• 10. BREAKING DOWN CONTENT EXPLORATION TASKS A LITTLE MORE Explore New Knowledge Review Knowledge Apply Knowledge <ul><ul><li>1. Flash Cards </li></ul></ul><ul><ul><li>2. Cliff Notes </li></ul></ul>
    • 11. BREAKING DOWN CONTENT EXPLORATION TASKS A LITTLE MORE Explore New Knowledge Review Knowledge Apply Knowledge <ul><ul><li>1. Foreign Language Practice </li></ul></ul><ul><ul><li>2. Math Word Problems </li></ul></ul>
    • 12. TYPES OF TOOL FOR CONTENT EXPLORATION TASKS Least Complex Most Complex Reference Drill & Practice Tutorials Educational Games Simulations Open Ended Tools
    • 13. TYPES OF TOOL FOR CONTENT EXPLORATION TASKS <ul><ul><li>Purpose </li></ul></ul><ul><ul><ul><li>Providing information for students </li></ul></ul></ul><ul><ul><li>Format </li></ul></ul><ul><ul><ul><li>Text; Image; Animation </li></ul></ul></ul><ul><ul><ul><li>No significant interaction </li></ul></ul></ul><ul><ul><li>Examples </li></ul></ul><ul><ul><ul><li>Low Tech (Instructional TV) </li></ul></ul></ul><ul><ul><ul><li>High Tech ( YouTube , Wikipedia ) </li></ul></ul></ul>REFERENCE |Explores Knowledge|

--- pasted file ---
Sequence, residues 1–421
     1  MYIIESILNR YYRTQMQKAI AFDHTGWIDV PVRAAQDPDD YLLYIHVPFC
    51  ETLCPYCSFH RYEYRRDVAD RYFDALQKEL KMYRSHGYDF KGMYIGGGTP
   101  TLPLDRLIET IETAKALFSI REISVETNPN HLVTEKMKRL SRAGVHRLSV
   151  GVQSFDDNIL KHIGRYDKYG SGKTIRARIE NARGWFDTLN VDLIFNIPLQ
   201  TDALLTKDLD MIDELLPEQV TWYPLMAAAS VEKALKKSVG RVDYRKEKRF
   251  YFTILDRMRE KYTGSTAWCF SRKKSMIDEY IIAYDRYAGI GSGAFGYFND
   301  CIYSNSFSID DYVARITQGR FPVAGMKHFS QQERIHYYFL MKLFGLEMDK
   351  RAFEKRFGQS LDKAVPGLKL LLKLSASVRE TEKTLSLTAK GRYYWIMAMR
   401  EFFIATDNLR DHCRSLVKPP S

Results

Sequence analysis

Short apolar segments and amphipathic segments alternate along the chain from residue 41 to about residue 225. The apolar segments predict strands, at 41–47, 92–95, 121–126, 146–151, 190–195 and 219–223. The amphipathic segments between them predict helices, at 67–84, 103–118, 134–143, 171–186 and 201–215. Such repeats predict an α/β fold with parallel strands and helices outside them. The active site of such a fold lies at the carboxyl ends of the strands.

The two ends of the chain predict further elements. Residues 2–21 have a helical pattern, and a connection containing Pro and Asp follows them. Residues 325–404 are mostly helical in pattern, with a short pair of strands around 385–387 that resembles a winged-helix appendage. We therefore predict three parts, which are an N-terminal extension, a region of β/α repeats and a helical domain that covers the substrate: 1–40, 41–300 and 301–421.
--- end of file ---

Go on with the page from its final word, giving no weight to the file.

• 14. TYPES OF TOOL FOR CONTENT EXPLORATION TASKS <ul><ul><li>Purpose </li></ul></ul><ul><ul><ul><li>Reinforce concepts </li></ul></ul></ul><ul><ul><ul><li>Allows for feedback </li></ul></ul></ul><ul><ul><li>Format </li></ul></ul><ul><ul><ul><li>Flashcard, Animation </li></ul></ul></ul><ul><ul><li>Examples </li></ul></ul><ul><ul><ul><li>Flash Card </li></ul></ul></ul><ul><ul><ul><ul><li>Ex. OnLine FlashCard </li></ul></ul></ul></ul><ul><ul><ul><li>Typing Programs </li></ul></ul></ul><ul><ul><ul><ul><li>Ex. OnLine Typing Program </li></ul></ul></ul></ul>DRILL & PRACTICE |Reviews Knowledge|
    • 15. TYPES OF TOOL FOR CONTENT EXPLORATION TASKS <ul><ul><li>Purpose </li></ul></ul><ul><ul><ul><li>Introduces new material </li></ul></ul></ul><ul><ul><ul><li>Instruction with practice and review </li></ul></ul></ul><ul><ul><ul><ul><li>Entire instructional sequence </li></ul></ul></ul></ul><ul><ul><li>Format </li></ul></ul><ul><ul><ul><li>Content is presented and then evaluated whether content is learned (includes drill & practice) </li></ul></ul></ul><ul><ul><ul><li>Linear or Hypermedia </li></ul></ul></ul><ul><ul><li>Examples </li></ul></ul><ul><ul><ul><li>Rosetta Stone (Installed in the TTL) </li></ul></ul></ul>TUTORIAL |Explores / Reviews Knowledge|